What is Self Control? An easy example is the ability that even if you want it now, or want to express some emotion (which may be inappropriate), you can hold off, even when challenged. By holding off then things may work out better. For example, saying no to that second piece of cake… your waist will thank you tomorrow.

Self control can take an overweight sedentary professor to running 100 mile ultra-marathons. Although this may not be what you want, you can use self control to achieve your desire.

Self control is also your WILL POWER and self discipline.

It is related to Self Regulation, the ability to control our emotions, stress and body state, calm yourself down when upset or stressed, and cheer yourself up or get going, when feeling down or lethargic.

Self control can change your life and what happens in your life. It gives you the ability to make choices, rather than run on automatic. This becomes especially important in this modern age filled with technology, smart phones, social media, and marketing gurus, all trying to capture your attention, and react in automated ways. Who doesn’t automatically stop what they are doing when the phone beeps a new text…

What’s more, though these things occupy our lives, more and more research is revealing that they leave us feeling unsatisfied.

In contrast, working on something important over time in a disciplined way can leave you feeling joy, contentment & satisfaction. Self control is empowering and satisfying. New research has found that Self Control does not sit alone, but is part of something more… MRI studies have found Self Control has always been associated with the prefrontal cortex in our brain, the conscious part associated with restraint and planning. However another part also fires away: the part of the brain associated with empathy, the right Temporoparietal junction, a part of the brain which also helps to shift attention.

But what does empathy, your ability to place yourself in another’s shoes, have to do with self control? Self control is much like empathy, only related  to yourself. Empathy & Self Control are on a continuum, which at the other extreme is Impulsiveness & Self centredness. Control your present self, so your future self will be better off.

And self control offers real advantages…  Consider Walter Mischal’s research from the 60s and 70s. He found these advantages with his original ground breaking experiment into self control using nothing but marshmallows… Children were offered 1 marshmallow now, but if they waited, could have 2 marshmallows later on. Those children who waited and showed self restraint went on to have happier healthier lives!

In another experiment with Marin Seligman & Angela Duckworth, they found that self control was twice as important as intelligence in predicting children’s academic success.

So can you improve Self Control?

Research suggests YES, but how?

You need to treat self control like a MUSCLE! So Yes. You can train it to become stronger.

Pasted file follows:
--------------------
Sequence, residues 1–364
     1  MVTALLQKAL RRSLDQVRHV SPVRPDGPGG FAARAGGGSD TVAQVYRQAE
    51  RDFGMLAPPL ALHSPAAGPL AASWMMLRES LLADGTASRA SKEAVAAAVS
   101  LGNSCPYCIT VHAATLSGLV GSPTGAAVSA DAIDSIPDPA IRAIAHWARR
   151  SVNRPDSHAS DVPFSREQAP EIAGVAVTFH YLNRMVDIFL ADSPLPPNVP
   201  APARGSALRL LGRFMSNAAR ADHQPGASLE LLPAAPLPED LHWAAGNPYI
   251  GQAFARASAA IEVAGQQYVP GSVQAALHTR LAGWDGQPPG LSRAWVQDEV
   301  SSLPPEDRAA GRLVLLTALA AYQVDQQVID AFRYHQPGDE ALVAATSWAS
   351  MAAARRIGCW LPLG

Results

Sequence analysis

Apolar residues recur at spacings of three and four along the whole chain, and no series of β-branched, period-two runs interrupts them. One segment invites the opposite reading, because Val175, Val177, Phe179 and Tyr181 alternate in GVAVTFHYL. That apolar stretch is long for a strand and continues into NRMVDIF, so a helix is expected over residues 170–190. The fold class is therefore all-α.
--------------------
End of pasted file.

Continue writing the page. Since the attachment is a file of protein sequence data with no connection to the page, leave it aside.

Like a muscle, self control can be built stronger.

The question often asked about Self Control: does it act like a battery – so it wears out over time, or is it like a snow ball rolling down a hill, getting bigger with practice?

Marco Palma and his team found the answer to this question was that both were correct. Doing self control once, even in an unrelated task, can improve future self control. However, if you try too hard you become fatigued & just give up any control. So like a muscle, practise a little & build up slowly, then your self control can improve. Take small steps. Do too much and you fatigue and your self control will fail.

For example, you want to get fitter & lose some weight. So you decide to exercise every day for 1 hour. This is a big ask, if you are not presently doing any exercise. Like more new year resolutions, it will probably end by week two. However, if instead you tried to just start with exercising 15 minutes 3 times per week, found this achievable, then you could gradually increase your exercise over time, so achieve your goal. One way over taxed your will power, while the other encourage your will power with small success.

Heartmath, an organisation devoted to optimal functioning function, has also found that the brain functions better when there is something called coherence in our heart & brain waves. Such coherence can be improved through slow rhythmic breathing of about 6 breaths per minute, and with meditation practices. Such coherence may aid self control.

Nathan DeWall describes how he used 5 skills to help him run 100 miles from nothing:

• The desire to do it

• The process to do it – how to train the body & mind

• The Self Awareness – to have self control you need to be able to observe & know yourself ie monitoring what’s going on, thoughts holding you back, incorrect training, etc

  • Inner Strength – the energy you have to control your impulses, which can vary through the day, and according to your health & fitness. Will power can be low if you feel unwell or low.

• Help from others ie support from your friends & family.

Because emotions are fleeting it is also helpful to focus on what is important, what you value, not simply be swayed by how you feel in any given moment.

With time, self regulation & self control can lead you towards Self Mastery. What is unique about self mastery is that it is not an end goal, but rather a pathway; a never ending pathway toward self mastery. With self mastery you never say this is “good enough”, rather there is always more to learn, to know, to become…


• Professor Nathan Dewall – https://qz.com/1019928/i-went-from-sedentary-academic-to-100-mile-marathon-runner-thanks-to-the-science-of-self-control/


• Ass Professor Marco Palma https://theconversation.com/research-on-how-self-control-works-could-help-you-stick-with-new-years-resolutions-88365